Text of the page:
On Thursday, in the United States, the Food and Drug Administration (FDA) authorised the direct sale to consumers of the first genetic screening tests. Marketed by the company 23andMe, this test assesses a person's genetic predisposition for 10 diseases and disorders.
The tests are carried out by isolating the DNA from a sample of saliva for diseases such as coeliac's disease, Gaucher disease type 1 and blood coagulation disorders as well as Parkinson's disease or Alzheimer's disease. The tests will be marketed as part of the $199 health and ancestry test that the company already provides.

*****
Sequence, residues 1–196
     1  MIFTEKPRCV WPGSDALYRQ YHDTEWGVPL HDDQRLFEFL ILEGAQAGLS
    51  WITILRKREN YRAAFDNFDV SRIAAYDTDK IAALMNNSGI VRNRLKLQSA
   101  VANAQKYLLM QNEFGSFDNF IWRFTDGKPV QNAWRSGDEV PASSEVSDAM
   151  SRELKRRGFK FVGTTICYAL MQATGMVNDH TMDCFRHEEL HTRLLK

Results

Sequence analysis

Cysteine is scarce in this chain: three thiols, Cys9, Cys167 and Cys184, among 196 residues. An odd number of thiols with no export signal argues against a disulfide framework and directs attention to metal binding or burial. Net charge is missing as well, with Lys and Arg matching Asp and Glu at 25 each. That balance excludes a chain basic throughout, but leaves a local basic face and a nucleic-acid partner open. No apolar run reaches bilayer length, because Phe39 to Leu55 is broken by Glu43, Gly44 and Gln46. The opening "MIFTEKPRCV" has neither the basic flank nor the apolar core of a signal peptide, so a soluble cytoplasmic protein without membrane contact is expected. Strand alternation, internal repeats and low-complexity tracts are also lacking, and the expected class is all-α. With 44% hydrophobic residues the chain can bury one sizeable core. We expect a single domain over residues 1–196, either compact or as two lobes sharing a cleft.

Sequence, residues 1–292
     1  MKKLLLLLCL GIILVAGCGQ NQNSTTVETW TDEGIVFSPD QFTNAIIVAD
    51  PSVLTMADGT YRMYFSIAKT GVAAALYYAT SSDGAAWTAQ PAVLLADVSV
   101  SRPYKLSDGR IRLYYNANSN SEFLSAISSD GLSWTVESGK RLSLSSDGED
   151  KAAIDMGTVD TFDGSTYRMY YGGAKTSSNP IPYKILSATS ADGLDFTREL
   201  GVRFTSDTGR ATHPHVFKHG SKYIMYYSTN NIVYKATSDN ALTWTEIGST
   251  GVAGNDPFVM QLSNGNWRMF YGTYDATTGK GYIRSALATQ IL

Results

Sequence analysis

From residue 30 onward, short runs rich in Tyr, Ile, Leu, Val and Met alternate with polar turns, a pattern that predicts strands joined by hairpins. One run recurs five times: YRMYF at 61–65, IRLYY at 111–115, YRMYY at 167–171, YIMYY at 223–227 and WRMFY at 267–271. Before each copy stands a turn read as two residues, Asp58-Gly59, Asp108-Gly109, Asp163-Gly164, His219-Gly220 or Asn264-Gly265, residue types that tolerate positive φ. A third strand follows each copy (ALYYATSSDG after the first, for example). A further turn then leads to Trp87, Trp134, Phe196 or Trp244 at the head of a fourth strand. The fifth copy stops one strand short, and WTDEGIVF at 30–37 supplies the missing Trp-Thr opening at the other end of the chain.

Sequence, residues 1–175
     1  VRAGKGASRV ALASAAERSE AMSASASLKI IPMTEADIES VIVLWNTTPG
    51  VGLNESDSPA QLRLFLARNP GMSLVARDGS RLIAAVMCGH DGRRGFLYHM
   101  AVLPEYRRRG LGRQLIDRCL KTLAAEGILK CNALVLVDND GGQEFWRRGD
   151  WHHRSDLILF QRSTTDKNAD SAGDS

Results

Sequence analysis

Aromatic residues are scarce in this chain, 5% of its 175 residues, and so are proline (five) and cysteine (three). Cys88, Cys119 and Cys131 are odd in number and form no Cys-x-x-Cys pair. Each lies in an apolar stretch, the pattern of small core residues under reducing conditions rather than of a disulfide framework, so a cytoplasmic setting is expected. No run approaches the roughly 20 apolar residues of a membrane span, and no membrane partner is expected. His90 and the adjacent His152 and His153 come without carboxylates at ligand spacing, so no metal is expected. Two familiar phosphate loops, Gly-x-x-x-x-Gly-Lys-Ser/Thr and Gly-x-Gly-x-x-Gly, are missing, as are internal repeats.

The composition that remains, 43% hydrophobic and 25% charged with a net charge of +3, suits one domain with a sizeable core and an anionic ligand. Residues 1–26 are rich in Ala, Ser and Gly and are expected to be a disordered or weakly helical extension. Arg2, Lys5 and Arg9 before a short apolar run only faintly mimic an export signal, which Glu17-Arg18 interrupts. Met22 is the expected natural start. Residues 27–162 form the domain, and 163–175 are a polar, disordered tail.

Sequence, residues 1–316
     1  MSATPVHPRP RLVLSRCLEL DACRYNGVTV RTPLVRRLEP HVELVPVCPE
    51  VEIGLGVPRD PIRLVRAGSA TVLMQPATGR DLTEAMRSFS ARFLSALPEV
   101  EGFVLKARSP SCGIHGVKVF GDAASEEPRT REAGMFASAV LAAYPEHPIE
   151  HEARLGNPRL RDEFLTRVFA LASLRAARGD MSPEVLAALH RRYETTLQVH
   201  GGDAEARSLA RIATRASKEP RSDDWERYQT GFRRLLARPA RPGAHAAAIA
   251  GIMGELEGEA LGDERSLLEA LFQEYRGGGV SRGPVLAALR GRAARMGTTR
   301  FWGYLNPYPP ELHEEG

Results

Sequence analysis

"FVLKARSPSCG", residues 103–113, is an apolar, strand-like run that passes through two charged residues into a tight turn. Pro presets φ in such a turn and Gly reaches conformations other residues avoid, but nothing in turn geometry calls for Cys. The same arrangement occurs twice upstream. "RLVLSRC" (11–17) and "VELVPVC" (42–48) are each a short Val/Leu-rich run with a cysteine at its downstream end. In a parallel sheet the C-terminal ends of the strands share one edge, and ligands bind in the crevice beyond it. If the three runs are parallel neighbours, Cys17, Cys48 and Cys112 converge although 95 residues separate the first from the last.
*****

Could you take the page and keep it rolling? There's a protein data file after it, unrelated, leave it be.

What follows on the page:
The tests can be used to"make decisions about lifestyle or to shed light on discussions with health professionals", announced the agency in a press release.
Although consumers can have direct access to certain information about genetic risks from now onwards, Dr. Jeffrey Shuren, Director of the FDA's Centre for Devices and Radiological Health, emphasises that "it is important for people to understand that genetic risk is only one piece in the puzzle. It doesn't mean that they will or won't develop a disease".
The authorisation marks a turning point and rechallenges the moratorium imposed on these questions in 2013.
When interviewed by the New York Times, Doctor James Beck, Lead Scientist at the Foundation for Parkinson's Disease stated that the decision constituted a dangerous precedent for the disclosure of information without prior genetic consultation: "Once you've had the test and read the results, there's no going back".
Bioedge (Xavier Symons) 07/04/2017 ; Medical XPress (06/04/2017)